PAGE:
When it comes to scams, there’s certainly no shortage of the number of things that some individuals will do to defraud others. Between credit card fraud, identity theft, lottery scams, and every other action that dishonest people take at the expense of innocent victims, you must always be aware of your finances and protective of your personal property and information.
Unfortunately, the same type of diligence is required when it comes to protecting your business, as there are predators who will attempt to take money from you in sometimes cleverly disguised B2B scams. To avoid being victimized by them, here are a few suggestions based largely on the Federal Trade Commission’s (FTC) reported five most common small business scams:
Educate Yourself and Your Staff
One of the best ways to keep your business from being scammed is to make you and your staff fully aware of the methods that the scammers are constantly using on unsuspecting business owners and employees. This allows you to help protect yourself by heading them off at the pass. It’s kind of like when you hear that there’s been a bunch of neighborhood burglaries so you watch your home and area a little bit closer, taking extra precautions to make sure you don’t become the next victim. Same principle.
To help you with this, the FTC has a small, 6-page brochure you can print up which discusses the most common small business scams and how they work. Read it, hand out to your staff, and discuss it at your staff meetings. Work together to talk about these cons and come up with solutions that can help you protect your business from devious “companies” that are trying to earn a buck the easy way.
Ask Questions and Encourage Your Employees to Do the Same
The minute you start asking scammers questions, they usually end the contact because they don’t want to be found out and don’t like hard targets. That makes this action perfect because it typically stops the offender from getting close enough to do any damage.
For instance, if someone calls your small business indicating that they are with a directory company and requests that you confirm your contact information (like business name, address, and phone number), be willing to ask them some questions to keep from falling for the directory listing scam. This scam revolves around the listing company, which may or may not be real, using your verbal confirmation as “proof” that you ordered their service, causing them to send a bill to you. Sadly, some business owners pay it just to be done with it and stop the company from calling and harassing them.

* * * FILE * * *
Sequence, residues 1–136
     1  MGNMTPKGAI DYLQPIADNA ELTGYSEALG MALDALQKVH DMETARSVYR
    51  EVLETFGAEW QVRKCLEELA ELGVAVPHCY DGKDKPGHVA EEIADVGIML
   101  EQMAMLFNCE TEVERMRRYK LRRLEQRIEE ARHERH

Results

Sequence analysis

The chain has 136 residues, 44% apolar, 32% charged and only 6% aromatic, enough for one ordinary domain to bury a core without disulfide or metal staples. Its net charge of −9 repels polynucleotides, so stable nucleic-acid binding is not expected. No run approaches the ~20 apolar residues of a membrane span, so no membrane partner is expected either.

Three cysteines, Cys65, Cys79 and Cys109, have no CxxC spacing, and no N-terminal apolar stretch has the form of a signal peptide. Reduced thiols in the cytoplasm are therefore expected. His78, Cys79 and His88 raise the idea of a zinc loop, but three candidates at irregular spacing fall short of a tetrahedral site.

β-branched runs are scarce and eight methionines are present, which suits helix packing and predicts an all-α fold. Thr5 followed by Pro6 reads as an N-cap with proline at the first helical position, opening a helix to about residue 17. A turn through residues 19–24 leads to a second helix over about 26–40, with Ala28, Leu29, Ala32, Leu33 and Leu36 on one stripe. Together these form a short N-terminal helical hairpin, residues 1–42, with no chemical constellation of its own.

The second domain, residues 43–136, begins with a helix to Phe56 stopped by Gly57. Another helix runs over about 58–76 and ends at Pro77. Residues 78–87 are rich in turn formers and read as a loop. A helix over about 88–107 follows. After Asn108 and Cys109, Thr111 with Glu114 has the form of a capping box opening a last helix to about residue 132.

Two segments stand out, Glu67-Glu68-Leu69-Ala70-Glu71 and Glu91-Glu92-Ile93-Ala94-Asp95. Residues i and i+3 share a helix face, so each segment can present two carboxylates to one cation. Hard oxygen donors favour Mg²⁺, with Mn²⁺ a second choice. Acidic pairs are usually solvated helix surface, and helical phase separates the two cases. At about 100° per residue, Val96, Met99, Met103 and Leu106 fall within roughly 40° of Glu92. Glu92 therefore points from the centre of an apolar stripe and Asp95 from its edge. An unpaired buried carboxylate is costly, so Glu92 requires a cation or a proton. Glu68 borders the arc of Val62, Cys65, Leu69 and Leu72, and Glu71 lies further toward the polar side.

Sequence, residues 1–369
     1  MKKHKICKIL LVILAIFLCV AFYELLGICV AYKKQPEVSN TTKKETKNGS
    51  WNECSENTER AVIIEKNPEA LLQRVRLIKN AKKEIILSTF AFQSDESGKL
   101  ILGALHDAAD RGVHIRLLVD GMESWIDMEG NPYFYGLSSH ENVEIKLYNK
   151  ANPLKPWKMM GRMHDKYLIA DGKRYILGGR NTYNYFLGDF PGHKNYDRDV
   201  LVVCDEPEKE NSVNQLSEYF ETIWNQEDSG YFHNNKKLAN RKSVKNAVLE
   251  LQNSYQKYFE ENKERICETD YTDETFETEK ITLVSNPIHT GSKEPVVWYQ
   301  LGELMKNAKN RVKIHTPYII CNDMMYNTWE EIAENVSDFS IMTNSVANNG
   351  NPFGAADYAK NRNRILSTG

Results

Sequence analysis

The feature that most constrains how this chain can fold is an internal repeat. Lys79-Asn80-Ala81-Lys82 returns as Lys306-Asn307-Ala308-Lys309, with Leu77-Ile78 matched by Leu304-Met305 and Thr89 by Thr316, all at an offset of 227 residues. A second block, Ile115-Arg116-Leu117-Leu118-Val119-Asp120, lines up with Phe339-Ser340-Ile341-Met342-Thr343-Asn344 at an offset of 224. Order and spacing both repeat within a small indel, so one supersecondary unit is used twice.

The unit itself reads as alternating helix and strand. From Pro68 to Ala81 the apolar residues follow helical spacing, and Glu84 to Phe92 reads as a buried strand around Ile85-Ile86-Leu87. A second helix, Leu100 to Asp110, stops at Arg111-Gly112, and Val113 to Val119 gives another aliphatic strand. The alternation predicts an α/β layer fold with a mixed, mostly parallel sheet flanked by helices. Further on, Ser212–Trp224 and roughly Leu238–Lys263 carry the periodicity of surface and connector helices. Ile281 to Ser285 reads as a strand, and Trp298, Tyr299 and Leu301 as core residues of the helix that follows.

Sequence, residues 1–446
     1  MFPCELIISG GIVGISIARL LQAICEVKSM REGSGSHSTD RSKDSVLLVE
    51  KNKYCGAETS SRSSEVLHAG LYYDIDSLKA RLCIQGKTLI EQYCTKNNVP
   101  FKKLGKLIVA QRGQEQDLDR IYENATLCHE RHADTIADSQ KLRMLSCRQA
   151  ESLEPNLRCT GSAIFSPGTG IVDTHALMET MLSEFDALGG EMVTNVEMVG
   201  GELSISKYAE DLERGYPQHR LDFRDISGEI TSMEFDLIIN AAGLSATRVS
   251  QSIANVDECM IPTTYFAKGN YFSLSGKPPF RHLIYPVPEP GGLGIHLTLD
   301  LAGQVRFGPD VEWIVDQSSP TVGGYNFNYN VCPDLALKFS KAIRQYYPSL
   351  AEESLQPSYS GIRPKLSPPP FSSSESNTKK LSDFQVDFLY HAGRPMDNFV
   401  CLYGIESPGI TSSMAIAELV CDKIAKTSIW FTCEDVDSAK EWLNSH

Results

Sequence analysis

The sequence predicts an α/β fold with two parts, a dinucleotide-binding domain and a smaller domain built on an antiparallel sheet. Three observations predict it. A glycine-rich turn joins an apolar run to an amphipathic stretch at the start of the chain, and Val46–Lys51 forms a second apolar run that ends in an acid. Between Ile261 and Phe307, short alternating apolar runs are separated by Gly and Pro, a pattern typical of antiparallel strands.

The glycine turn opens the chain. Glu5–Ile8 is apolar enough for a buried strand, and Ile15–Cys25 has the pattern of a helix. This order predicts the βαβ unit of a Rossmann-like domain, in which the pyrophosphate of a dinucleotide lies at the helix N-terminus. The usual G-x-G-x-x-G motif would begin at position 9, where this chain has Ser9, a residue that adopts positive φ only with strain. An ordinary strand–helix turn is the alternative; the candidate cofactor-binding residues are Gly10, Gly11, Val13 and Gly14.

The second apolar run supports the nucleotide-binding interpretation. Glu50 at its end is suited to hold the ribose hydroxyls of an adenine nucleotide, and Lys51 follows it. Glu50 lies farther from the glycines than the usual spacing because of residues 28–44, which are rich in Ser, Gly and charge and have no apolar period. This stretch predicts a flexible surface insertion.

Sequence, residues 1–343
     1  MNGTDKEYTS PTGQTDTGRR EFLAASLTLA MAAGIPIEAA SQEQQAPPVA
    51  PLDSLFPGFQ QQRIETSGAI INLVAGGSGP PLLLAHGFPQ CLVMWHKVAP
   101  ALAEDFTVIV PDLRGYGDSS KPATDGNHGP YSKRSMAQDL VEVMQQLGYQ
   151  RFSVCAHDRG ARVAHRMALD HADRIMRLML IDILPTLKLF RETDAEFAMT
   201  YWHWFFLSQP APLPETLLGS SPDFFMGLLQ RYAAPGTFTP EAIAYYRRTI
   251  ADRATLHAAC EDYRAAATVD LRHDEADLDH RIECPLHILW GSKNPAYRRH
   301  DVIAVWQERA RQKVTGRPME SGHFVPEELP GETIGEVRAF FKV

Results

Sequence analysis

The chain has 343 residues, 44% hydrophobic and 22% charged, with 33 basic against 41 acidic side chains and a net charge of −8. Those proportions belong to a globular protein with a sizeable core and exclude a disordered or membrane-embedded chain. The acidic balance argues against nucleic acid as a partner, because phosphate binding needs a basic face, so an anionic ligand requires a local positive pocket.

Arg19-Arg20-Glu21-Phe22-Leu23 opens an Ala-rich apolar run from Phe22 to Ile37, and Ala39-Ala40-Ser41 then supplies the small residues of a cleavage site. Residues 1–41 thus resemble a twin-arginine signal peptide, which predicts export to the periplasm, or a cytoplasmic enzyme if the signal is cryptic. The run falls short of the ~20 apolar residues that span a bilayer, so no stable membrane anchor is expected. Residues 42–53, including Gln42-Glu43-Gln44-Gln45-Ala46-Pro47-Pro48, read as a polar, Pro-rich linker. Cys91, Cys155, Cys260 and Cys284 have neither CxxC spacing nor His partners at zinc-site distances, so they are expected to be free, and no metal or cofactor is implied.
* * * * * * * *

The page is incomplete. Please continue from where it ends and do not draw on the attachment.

However, by asking questions when someone calls, you could potentially stop yourself from being scammed. Some questions you may want to ask include who they are, why they’re calling specifically, and whether or not this is a free service or if you’ll be sent a bill once the call is complete. If possible, do this on a prerecorded line as sometimes these scammers have been known to doctor their taped version, making it sound like you did in fact sign up for their paid service.
Hold Off a Pressuring Scammer So You Can Do Your Homework
Sometimes scammers use high pressure strategies to try to get you to do something without thinking, ultimately giving them the upper hand. The charity con is one great example of this when the requester tries to strong arm you into making a donation right then, before you’ve had the time to check them out to determine whether they’re a reputable organization or not.
Simply saying, “Let me check this out and get back to you” is a great response to this type of contact as it gives you the opportunity to disengage and investigate the agency to determine on your own whether they’re scamming you or not. If it is a true agency, they’ll understand and give you the time you need without hesitation. If they keep trying to get you to commit even after you’ve said this, it usually isn’t a good sign.
It’s also not a bad idea to ask that they send you some literature to review. Most scammers won’t have any, but even if they do, still do your homework so you can determine for yourself whether or not they’re a reputable company.
Designate One Person to Handle All of Your Supply Matters
Some B2B scammers use the supply swindle to take your money, which basically involves sending you supplies you didn’t order, putting you on the hook for paying for them once they’re accepted and signed for. Fortunately, this one can be easily avoided by designating one person to handle all supply-related matters.
Preferably, you want this to be the same person who orders all of your supplies to begin with. That way, he or she will know exactly what companies you ordinarily use, which orders are pending, and when they are expected to be delivered. By not blanketly accepting all deliveries with a signature from someone who isn’t aware of these types of details, this common scam can be stopped dead in its tracks.
Have you ever been scammed? If so, feel free to share it in the comment section below so that other small business owners can protect themselves from being swindled too!
I’m always interested in learning other small business owners’ thoughts on relevant topics and issues, so if you have a comment or unique article idea, feel free to contact me at [email protected] (put “Businessing Magazine” in the subject line, please). If I use it, it’s a free link to your website!